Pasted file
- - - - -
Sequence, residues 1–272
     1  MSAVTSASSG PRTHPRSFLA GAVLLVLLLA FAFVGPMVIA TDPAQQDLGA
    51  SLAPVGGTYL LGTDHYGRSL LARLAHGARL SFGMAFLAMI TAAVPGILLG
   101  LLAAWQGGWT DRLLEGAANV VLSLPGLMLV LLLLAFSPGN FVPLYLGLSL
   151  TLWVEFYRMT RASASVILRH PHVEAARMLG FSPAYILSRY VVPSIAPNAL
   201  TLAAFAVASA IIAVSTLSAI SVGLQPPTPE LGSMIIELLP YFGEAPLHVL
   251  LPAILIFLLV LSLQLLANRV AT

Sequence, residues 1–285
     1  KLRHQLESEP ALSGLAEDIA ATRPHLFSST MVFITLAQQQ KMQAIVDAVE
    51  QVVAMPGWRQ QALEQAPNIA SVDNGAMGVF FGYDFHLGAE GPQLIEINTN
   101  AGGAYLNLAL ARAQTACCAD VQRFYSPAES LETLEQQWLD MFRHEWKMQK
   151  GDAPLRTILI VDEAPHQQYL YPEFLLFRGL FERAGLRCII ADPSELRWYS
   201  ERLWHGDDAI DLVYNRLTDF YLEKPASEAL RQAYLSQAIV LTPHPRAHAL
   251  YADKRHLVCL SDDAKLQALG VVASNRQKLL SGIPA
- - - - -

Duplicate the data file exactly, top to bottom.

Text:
Sequence, residues 1–272
     1  MSAVTSASSG PRTHPRSFLA GAVLLVLLLA FAFVGPMVIA TDPAQQDLGA
    51  SLAPVGGTYL LGTDHYGRSL LARLAHGARL SFGMAFLAMI TAAVPGILLG
   101  LLAAWQGGWT DRLLEGAANV VLSLPGLMLV LLLLAFSPGN FVPLYLGLSL
   151  TLWVEFYRMT RASASVILRH PHVEAARMLG FSPAYILSRY VVPSIAPNAL
   201  TLAAFAVASA IIAVSTLSAI SVGLQPPTPE LGSMIIELLP YFGEAPLHVL
   251  LPAILIFLLV LSLQLLANRV AT

Sequence, residues 1–285
     1  KLRHQLESEP ALSGLAEDIA ATRPHLFSST MVFITLAQQQ KMQAIVDAVE
    51  QVVAMPGWRQ QALEQAPNIA SVDNGAMGVF FGYDFHLGAE GPQLIEINTN
   101  AGGAYLNLAL ARAQTACCAD VQRFYSPAES LETLEQQWLD MFRHEWKMQK
   151  GDAPLRTILI VDEAPHQQYL YPEFLLFRGL FERAGLRCII ADPSELRWYS
   201  ERLWHGDDAI DLVYNRLTDF YLEKPASEAL RQAYLSQAIV LTPHPRAHAL
   251  YADKRHLVCL SDDAKLQALG VVASNRQKLL SGIPA